One of the most common questions owners ask veterinarians about their senior dogs is “Can elderly dogs get Alzheimer’s?” You may have noticed that your older dog has started slowing down, or that she seems disoriented and anxious. Some of this is normal aging, but your dog could also have the canine equivalent of Alzheimer’s disease: Cognitive dysfunction syndrome (CDS)
Cognitive function, or a person’s memory, learning, perception, and awareness capabilities, is easy to measure in people, but a little harder to measure in dogs. We can’t exactly ask them to recite the alphabet or the day of the week, so veterinarians and owners rely on behavioral changes and symptoms to diagnose the condition.
Symptoms of Cognitive Dysfunction Syndrome in Dogs
Veterinarians use the acronym DISHAA to help them diagnose CDS:
- Interaction with people and pets
- Sleep/wake cycles altered
- House soiling, learning, memory
- Activity altered
Dogs with canine cognitive dysfunction often suffer from symptoms of disorientation. These can include wandering, apparent confusion, and things like going to the wrong side of a door to be let out. The dog may stare blankly at walls, floor, or into space; get stuck, or have difficulty getting around objects, and not recognize familiar people.
Social interaction changes
Canine dementia affects the way your dog interacts with you, as well as with his environment. Some dogs may appear needier, while others grow aloof and withdrawn. Dogs may have decreased interest or time spent in petting, spend more time alone or away from family members, or some can be more clingy and fearful.
We all want to sleep through the night, and we want our dogs to sleep through the night, too. Dogs with Cognitive Dysfunction Syndrome often have difficulty sleeping and may wake during the middle of the night and pace, whine, or bark. Disruptions in sleep cycles are disorienting, and some dogs may even show agitation or fear. Some dogs may sleep noticeably more during the day.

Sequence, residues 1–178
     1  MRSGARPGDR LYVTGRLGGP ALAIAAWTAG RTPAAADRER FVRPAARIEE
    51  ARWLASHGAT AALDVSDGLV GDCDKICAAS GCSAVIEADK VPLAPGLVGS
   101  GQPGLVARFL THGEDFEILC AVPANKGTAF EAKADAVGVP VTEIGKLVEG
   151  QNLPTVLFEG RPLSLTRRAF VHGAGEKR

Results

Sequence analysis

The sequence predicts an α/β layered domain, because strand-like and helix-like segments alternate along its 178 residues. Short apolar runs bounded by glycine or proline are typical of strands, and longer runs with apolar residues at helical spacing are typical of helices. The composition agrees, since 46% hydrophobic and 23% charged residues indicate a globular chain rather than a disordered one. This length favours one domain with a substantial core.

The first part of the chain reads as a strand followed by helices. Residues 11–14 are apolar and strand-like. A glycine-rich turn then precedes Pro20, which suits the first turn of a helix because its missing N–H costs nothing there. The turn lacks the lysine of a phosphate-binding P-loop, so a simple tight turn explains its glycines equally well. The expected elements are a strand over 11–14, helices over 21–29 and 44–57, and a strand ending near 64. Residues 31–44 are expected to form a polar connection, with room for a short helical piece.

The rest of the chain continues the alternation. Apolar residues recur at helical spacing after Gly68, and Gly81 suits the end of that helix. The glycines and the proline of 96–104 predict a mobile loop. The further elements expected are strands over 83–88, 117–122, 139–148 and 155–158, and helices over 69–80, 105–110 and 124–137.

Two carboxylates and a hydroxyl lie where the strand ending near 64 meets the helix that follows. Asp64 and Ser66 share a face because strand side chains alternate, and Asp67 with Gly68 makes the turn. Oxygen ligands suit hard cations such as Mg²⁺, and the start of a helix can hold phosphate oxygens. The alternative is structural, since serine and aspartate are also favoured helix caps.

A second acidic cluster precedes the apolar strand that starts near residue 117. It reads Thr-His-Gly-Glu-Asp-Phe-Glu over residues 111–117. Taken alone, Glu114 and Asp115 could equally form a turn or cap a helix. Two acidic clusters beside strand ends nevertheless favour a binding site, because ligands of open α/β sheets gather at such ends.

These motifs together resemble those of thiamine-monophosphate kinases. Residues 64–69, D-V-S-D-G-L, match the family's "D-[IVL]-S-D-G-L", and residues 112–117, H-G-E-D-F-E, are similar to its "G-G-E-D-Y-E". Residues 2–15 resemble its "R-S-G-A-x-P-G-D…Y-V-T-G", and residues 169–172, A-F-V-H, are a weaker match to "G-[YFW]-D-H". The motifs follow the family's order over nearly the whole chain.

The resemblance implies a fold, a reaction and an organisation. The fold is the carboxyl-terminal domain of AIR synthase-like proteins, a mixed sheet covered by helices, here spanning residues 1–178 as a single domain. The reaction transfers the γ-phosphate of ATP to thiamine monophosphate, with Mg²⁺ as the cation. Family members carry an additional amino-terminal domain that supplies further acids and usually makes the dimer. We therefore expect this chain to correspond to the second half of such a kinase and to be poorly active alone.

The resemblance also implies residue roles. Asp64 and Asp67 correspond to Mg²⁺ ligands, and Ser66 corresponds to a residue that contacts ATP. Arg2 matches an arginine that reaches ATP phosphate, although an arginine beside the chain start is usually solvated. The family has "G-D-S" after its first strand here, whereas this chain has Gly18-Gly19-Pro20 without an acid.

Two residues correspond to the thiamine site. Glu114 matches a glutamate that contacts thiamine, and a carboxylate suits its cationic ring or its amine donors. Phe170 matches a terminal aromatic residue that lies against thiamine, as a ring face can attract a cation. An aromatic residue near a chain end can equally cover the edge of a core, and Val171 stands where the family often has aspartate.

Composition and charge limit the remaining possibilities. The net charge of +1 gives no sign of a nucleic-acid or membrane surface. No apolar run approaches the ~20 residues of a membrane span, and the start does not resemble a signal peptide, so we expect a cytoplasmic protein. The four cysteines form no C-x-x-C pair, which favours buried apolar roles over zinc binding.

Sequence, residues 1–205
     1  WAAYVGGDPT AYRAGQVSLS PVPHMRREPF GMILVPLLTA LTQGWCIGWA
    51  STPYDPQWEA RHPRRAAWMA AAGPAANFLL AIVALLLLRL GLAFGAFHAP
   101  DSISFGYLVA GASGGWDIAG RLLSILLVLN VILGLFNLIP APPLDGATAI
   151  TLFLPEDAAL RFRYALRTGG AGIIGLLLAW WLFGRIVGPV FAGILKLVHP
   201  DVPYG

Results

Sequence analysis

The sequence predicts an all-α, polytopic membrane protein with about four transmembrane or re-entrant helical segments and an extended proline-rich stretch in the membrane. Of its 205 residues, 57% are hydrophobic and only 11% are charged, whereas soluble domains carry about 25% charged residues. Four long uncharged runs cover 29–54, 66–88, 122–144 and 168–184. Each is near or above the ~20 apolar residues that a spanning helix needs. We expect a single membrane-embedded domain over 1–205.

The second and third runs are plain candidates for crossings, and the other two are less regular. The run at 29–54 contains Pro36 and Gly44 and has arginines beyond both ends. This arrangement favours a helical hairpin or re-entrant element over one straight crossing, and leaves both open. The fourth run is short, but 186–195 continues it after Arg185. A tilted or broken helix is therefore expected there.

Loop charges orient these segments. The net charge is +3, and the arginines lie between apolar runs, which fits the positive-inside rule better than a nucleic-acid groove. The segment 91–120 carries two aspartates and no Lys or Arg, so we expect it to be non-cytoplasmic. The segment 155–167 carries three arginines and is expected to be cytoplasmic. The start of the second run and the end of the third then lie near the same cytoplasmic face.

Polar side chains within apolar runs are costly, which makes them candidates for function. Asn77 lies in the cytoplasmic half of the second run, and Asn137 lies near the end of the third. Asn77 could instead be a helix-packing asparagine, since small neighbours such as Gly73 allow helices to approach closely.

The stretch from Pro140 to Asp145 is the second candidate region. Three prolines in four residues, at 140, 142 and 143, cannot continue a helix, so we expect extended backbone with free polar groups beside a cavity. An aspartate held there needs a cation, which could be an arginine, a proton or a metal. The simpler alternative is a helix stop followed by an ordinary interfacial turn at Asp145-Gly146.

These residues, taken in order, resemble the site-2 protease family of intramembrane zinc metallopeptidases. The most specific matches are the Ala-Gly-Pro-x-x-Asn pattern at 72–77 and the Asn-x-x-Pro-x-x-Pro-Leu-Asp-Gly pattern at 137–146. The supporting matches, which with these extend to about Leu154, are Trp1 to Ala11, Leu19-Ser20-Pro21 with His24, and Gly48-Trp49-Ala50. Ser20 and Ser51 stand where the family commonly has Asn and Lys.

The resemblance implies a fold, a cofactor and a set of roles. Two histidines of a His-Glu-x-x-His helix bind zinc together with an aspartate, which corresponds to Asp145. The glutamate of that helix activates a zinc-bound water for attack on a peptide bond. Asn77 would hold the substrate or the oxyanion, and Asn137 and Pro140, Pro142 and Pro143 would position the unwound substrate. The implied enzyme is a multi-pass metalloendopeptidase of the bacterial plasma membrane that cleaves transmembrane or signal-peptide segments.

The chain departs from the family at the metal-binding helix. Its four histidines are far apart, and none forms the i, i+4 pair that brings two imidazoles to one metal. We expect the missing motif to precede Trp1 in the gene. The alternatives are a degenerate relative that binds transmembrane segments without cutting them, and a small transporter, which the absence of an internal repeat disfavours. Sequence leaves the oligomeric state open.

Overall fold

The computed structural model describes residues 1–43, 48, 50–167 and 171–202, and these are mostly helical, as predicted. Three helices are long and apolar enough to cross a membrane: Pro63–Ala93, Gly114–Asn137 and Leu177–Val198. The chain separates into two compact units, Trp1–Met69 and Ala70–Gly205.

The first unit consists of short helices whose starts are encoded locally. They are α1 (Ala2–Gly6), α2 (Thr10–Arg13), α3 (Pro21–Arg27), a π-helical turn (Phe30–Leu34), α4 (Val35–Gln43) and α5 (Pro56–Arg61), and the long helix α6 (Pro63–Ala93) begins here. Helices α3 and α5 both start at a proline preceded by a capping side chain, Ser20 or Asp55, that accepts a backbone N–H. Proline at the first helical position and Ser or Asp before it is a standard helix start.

House soiling, learning, and memory
One of the more frustrating symptoms of cognitive decline for owners is house soiling. Dogs that are housebroken often start to have accidents without any medical cause, which creates a mess for you and anxiety for your dog. Symptoms include a decrease or loss of signaling to go out, decreased response to learned commands (like name, tricks, etc.), and difficulty in getting your dog’s attention.
Canine cognitive dysfunction also affects your dog’s activity levels. Some dogs may grow more active with Cognitive Dysfunction Syndrome and others more sedentary, but any noticeable change in your dog’s activity level is a cause for concern.
Your dog may have increased anxiety when separated from you, he may be more reactive or fearful to auditory stimuli, or have a heightened fear of places and going outside.
Dogs with canine dementia may also suffer from a symptom often seen in human patients with Alzheimer’s: sundowning. In late afternoon or early evening, as sundown approaches, your elderly dog may experience a sudden onset of her symptoms, including increased anxiety, restlessness, increased confusion, surges of energy, mood swings, and sadness.
Diagnosing Cognitive Dysfunction Syndrome in dogs
There is no definitive test for diagnosing CDS. Veterinarians instead screen senior dogs for early signs of canine dementia when they come in for checkups. If they suspect that a dog has canine cognitive dysfunction, they ask the owner for a behavioral history to see the extent of the changes in the dog’s behavior.
Before your veterinarian can give you a definitive diagnosis, however, she also has to rule out any other causes. There are quite a few diseases and conditions that can cause similar signs to CDS, including: